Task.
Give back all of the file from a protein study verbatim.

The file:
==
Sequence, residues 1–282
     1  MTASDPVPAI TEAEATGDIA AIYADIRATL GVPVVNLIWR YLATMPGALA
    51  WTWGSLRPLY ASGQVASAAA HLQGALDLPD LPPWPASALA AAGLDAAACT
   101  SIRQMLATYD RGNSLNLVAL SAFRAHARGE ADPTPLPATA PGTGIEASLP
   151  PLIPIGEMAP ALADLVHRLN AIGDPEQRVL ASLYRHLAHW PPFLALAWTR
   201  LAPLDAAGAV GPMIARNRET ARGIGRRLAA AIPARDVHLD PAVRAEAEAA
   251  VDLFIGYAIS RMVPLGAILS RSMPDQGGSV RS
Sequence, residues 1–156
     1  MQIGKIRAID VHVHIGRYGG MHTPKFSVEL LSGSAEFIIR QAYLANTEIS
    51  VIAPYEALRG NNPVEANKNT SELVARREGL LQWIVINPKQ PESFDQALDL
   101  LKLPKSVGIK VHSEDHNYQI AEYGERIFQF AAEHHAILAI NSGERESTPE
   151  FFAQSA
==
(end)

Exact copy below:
Sequence, residues 1–282
     1  MTASDPVPAI TEAEATGDIA AIYADIRATL GVPVVNLIWR YLATMPGALA
    51  WTWGSLRPLY ASGQVASAAA HLQGALDLPD LPPWPASALA AAGLDAAACT
   101  SIRQMLATYD RGNSLNLVAL SAFRAHARGE ADPTPLPATA PGTGIEASLP
   151  PLIPIGEMAP ALADLVHRLN AIGDPEQRVL ASLYRHLAHW PPFLALAWTR
   201  LAPLDAAGAV GPMIARNRET ARGIGRRLAA AIPARDVHLD PAVRAEAEAA
   251  VDLFIGYAIS RMVPLGAILS RSMPDQGGSV RS
Sequence, residues 1–156
     1  MQIGKIRAID VHVHIGRYGG MHTPKFSVEL LSGSAEFIIR QAYLANTEIS
    51  VIAPYEALRG NNPVEANKNT SELVARREGL LQWIVINPKQ PESFDQALDL
   101  LKLPKSVGIK VHSEDHNYQI AEYGERIFQF AAEHHAILAI NSGERESTPE
   151  FFAQSA